I think Brexit is for the best. I don't like the EU because of the huge taxes they put on small farmers. It means you pretty much have to run a giant corporate farm to produce food in Europe and that leads to pollution and animal abuse. :\
@Literary89 , can you explain to me which taxes you are specifically referring to?
I am not aware of any taxes being levied by the EU.
There are quite a few taxes that are levied by the different national governments.
Are you maybe referring to those?
On the other hand, there are quite a number of subsidies paid to farmers that would have to be picked up by the British Government.
Arguably, this could lead to an improvement as British taxpayers now pay more into the Common Agricultural Policy than British farmers receive... How Brexit would affect British farmers
Then she would presumably have had to give up her Singaporean citizenship, and would not have been able to go back and care for her dieing parents? British citizenship is also expensive, so she might not have been able to justify the cost. She probably didn't think they would deport a person who's been married to a Brit for 30 years with two British children and a grandchild ...!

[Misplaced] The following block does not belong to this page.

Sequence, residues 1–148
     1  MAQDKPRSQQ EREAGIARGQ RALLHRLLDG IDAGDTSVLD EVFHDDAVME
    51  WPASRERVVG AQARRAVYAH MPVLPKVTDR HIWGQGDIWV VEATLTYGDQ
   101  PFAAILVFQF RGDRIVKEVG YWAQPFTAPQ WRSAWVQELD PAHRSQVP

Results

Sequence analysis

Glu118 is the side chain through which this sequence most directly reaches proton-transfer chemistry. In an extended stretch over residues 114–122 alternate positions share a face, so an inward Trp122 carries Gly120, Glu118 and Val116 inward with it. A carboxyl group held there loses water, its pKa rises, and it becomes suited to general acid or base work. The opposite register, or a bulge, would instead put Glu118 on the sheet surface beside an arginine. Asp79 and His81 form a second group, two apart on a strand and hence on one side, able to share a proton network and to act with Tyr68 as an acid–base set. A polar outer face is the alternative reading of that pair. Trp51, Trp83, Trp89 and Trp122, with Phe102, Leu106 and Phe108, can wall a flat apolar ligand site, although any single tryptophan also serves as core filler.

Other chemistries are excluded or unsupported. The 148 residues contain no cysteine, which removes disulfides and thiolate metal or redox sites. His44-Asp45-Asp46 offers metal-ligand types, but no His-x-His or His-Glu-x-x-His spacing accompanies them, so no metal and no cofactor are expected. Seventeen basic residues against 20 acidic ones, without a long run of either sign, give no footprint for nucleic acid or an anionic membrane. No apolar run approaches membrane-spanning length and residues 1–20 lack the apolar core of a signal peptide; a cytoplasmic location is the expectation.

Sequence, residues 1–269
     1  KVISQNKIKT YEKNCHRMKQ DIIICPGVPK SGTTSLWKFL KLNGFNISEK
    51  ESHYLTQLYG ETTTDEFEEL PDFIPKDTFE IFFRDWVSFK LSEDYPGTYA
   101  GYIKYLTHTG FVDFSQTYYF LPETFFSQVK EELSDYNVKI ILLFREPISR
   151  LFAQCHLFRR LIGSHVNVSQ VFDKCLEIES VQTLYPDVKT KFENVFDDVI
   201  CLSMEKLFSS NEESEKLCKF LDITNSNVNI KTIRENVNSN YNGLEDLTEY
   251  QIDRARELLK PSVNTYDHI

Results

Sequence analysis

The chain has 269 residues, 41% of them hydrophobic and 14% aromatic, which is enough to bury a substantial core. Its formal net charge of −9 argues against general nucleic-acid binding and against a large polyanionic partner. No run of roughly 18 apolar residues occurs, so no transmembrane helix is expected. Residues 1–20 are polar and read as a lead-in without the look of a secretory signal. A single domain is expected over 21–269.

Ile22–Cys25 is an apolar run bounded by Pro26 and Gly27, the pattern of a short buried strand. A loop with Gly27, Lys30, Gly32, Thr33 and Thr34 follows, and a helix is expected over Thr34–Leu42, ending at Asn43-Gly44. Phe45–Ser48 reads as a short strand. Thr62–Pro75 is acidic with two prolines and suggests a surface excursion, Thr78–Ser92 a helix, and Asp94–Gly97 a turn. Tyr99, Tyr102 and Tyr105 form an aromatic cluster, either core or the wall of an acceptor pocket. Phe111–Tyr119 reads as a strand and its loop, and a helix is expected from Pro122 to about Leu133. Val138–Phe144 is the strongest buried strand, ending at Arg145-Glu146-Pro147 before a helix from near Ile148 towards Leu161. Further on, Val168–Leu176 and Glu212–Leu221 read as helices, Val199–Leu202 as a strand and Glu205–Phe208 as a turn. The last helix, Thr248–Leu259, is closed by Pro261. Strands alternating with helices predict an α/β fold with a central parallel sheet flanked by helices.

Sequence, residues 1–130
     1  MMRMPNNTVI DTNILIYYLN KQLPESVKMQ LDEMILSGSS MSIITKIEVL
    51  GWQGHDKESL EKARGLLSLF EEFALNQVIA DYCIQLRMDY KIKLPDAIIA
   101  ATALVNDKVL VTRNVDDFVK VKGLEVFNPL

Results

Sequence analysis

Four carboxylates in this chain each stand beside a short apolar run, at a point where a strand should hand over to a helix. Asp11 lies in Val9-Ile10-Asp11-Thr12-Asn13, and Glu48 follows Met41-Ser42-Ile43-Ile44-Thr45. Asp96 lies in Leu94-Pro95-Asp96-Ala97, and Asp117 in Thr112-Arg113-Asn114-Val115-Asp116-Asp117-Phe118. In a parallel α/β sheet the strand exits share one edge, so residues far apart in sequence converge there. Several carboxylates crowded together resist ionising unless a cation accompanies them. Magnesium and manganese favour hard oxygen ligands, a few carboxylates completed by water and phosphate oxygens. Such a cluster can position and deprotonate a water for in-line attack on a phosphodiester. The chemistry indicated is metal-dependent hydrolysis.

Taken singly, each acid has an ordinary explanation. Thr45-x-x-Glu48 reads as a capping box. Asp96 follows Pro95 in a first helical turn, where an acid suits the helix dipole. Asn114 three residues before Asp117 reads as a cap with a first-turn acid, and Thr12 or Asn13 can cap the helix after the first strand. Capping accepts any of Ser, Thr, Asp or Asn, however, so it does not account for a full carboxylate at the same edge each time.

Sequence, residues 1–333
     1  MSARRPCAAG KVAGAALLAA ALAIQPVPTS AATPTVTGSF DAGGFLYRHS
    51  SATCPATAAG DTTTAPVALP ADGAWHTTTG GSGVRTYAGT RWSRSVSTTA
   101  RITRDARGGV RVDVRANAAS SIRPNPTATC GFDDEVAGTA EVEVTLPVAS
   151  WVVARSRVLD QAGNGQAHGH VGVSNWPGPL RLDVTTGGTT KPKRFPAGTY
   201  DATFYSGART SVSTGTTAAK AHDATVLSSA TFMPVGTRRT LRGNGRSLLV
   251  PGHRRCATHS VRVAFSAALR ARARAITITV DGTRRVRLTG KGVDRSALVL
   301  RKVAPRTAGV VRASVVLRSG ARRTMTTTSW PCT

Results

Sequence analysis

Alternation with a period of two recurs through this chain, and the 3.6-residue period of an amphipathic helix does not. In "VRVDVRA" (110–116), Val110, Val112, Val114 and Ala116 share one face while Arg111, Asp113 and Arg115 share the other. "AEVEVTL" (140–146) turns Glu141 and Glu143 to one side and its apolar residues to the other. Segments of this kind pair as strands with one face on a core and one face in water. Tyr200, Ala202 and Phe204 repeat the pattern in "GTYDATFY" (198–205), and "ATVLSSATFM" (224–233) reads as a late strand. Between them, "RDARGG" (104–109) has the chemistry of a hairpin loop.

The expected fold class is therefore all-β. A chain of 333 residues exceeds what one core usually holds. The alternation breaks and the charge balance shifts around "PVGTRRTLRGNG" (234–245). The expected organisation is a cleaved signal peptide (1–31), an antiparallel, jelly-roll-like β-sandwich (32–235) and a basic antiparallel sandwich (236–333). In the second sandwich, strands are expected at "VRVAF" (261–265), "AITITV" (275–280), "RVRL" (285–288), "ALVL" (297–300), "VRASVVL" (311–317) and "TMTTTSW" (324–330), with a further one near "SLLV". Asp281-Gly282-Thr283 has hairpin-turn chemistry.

Funny, partly true, but still not exactly accurate, and it's also cherry-picking!
The Euro and the Schengen agreement were invented after the UK joined, and these were never meant to be mandatory. Other notable EU countries like Poland, Sweden and Denmark also have their own currency.
The UK's relationship with the EEC/EU has been ambivalent from its inception. The UK tried to join the EEC multiple times early on, but was blocked by French president de Gaulle. The UK started a competing European trading block, EFTA, with other countries that were unwilling or unable to join the EEC at the time: Austria, Denmark, Sweden, Norway, Portugal and Switzerland. EFTA still exists, but now only with Iceland, Norway, Lichtenstein and Switzerland.
The mainstream British approach has always been that European issues should be intergovernmental, not supranational. However British politicians have been foolish enough to believe that these issues could be intergovernmental within the context of an organisation that was always on the glidepath to a superstate from its very inception.
As it is, EFTA membership is probably the only way of breaking the impasse, of respecting the result of the referendum after three wasted years with the country in limbo, whilst delivering a compromise. The Republic of Ireland was also a member of EFTA and like Denmark only joined the EEC at the same time as the UK to keep its main agricultural export market.